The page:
American Diabetes Association
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Metabolic Syndrome Traits Increase the Risk of Major Adverse Liver Outcomes in Type 2 Diabetes

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posted on 2024-03-18, 16:25 authored by Ying Shang, Emilie Toresson Grip, Angelo Modica, Helena Skröder, Oskar Ström, Fady Ntanios, Soffia Gudbjörnsdottir, Hannes Hagström

Objective: Type 2 diabetes (T2D) increases the risk for major adverse liver outcomes (MALO), including cirrhosis and its complications. Patients with T2D frequently have other traits of the metabolic syndrome (MetS). It remains uncertain whether there is synergistic effect of accumulating MetS traits on future MALO risk.

Research Design and Methods: Patients with T2D without a history of liver disease were identified from national registers in Sweden from 1998 to 2021. MetS traits included hypertension, low HDL level, hypertriglyceridemia, obesity, and albuminuria, in addition to T2D. MALO events were identified based on administrative coding from national registers until Oct 31, 2022. Data were analyzed using Cox regression models.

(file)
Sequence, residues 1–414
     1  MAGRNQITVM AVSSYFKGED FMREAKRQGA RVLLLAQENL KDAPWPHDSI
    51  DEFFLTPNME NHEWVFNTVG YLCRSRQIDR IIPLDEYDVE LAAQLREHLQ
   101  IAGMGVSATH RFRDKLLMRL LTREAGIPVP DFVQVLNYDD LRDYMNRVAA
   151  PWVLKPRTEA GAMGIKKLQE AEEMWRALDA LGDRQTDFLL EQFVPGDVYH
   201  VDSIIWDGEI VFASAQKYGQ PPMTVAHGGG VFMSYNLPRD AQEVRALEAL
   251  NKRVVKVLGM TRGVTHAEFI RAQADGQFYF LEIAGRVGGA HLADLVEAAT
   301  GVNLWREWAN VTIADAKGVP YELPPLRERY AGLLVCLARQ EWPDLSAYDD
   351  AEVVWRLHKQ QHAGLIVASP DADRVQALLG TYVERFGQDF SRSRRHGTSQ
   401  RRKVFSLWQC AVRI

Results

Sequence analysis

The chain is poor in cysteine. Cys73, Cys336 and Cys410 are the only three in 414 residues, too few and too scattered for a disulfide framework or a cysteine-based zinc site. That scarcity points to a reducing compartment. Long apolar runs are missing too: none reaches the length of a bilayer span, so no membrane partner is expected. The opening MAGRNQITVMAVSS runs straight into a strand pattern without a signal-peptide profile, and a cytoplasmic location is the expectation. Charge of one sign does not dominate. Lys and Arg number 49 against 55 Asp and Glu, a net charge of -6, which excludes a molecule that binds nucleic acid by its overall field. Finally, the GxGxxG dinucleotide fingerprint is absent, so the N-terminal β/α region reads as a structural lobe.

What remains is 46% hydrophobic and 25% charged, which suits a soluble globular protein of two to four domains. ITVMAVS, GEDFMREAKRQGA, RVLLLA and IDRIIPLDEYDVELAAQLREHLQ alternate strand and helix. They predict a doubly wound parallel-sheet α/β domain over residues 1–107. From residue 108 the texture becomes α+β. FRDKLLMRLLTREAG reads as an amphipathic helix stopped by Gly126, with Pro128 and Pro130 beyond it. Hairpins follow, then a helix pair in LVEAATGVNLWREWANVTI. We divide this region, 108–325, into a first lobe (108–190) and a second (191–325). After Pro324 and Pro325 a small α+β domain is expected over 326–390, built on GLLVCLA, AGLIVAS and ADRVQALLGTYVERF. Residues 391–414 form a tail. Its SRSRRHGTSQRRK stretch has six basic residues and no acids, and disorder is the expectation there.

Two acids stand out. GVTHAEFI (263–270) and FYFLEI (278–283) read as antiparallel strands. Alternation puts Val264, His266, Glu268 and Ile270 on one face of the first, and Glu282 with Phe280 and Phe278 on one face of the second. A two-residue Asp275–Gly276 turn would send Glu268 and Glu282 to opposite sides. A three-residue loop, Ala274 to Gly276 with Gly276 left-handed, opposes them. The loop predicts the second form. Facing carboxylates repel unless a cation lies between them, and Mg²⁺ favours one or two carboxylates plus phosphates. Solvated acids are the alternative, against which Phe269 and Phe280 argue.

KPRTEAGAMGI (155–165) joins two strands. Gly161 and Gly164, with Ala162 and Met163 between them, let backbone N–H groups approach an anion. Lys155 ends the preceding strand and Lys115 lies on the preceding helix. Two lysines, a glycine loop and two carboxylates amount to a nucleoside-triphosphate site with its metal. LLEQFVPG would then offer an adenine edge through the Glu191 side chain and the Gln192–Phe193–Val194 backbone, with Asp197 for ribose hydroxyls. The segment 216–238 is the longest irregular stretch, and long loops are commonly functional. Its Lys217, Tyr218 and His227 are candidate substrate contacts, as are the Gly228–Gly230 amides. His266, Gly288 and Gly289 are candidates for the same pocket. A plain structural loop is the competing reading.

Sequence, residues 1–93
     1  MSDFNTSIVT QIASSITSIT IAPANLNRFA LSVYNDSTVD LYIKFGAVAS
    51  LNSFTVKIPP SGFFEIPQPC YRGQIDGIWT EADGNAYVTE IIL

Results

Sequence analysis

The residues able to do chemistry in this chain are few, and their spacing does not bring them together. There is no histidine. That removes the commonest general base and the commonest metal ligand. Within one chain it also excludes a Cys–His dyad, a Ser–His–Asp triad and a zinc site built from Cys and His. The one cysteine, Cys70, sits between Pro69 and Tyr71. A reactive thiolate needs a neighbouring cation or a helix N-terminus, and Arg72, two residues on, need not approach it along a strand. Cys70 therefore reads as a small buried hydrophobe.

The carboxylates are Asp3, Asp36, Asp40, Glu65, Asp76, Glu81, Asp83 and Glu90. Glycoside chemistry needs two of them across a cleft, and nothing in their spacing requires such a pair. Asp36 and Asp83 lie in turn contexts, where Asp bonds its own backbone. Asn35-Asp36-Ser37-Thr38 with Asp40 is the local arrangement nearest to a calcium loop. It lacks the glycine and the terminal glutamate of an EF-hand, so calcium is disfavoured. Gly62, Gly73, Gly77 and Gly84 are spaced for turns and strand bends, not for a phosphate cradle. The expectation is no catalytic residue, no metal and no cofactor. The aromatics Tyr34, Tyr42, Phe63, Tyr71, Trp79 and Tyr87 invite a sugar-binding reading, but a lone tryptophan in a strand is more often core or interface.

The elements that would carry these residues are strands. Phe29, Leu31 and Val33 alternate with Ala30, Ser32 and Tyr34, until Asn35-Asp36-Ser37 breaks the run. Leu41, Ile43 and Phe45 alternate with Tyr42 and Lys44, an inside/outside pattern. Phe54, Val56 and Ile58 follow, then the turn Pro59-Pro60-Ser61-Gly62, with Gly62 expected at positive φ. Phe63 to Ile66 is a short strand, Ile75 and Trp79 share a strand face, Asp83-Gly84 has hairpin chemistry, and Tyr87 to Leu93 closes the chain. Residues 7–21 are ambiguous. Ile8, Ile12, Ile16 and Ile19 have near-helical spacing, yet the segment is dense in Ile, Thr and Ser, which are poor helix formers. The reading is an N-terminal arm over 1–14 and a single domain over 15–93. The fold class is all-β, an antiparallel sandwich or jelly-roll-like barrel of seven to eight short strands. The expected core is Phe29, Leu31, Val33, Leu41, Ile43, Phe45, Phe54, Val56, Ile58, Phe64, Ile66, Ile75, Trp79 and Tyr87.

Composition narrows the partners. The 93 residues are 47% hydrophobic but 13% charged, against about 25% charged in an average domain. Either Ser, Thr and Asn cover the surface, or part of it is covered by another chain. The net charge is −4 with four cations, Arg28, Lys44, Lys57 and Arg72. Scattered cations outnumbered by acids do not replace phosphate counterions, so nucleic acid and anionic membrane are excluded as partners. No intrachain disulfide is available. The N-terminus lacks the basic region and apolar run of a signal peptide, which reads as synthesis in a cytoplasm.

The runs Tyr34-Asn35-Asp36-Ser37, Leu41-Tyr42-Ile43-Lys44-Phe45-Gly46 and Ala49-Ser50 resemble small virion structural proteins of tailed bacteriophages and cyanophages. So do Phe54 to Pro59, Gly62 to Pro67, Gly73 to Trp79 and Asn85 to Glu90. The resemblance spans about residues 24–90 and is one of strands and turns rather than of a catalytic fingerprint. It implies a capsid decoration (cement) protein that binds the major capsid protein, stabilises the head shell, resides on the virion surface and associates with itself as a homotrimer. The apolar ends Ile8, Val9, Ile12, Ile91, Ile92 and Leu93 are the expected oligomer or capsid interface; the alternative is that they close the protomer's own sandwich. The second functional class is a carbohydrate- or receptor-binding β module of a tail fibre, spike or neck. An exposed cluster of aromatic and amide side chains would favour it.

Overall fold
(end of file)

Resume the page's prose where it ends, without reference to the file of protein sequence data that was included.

Results: In total 230,992 patients were identified (median age: 64; 58% male), of which 3,215 (1.39%) developed MALO over a median follow-up of 9.9 years. Compared to patients with one MetS trait (only T2D) at baseline, those with more than one MetS trait had a higher rate of MALO (aHR=2.33, 95% CI=1.53-3.54). The rate of MALO increased progressively with increasing numbers of MetS traits at baseline (aHR=1.28 per added trait, 95% CI=1.23-1.33). During follow-up, patients that acquired additional MetS traits had progressively higher rate of MALO. The MetS trait with the largest association with incident MALO was hypertension (aHR=2.06, 95% CI=1.57-2.71).

Conclusion: Having or acquiring additional traits of the metabolic syndrome increase the rate of progression to major adverse liver outcomes in patients with type 2 diabetes. These results could be used to inform screening initiatives for liver disease.


YS was supported by Mag-Tarm Fonden, Karolinska Institutet Research Funding and Region Stockholm. HH was supported by grants from Stockholm City County, The Swedish Cancer Society and The Swedish Research Council.


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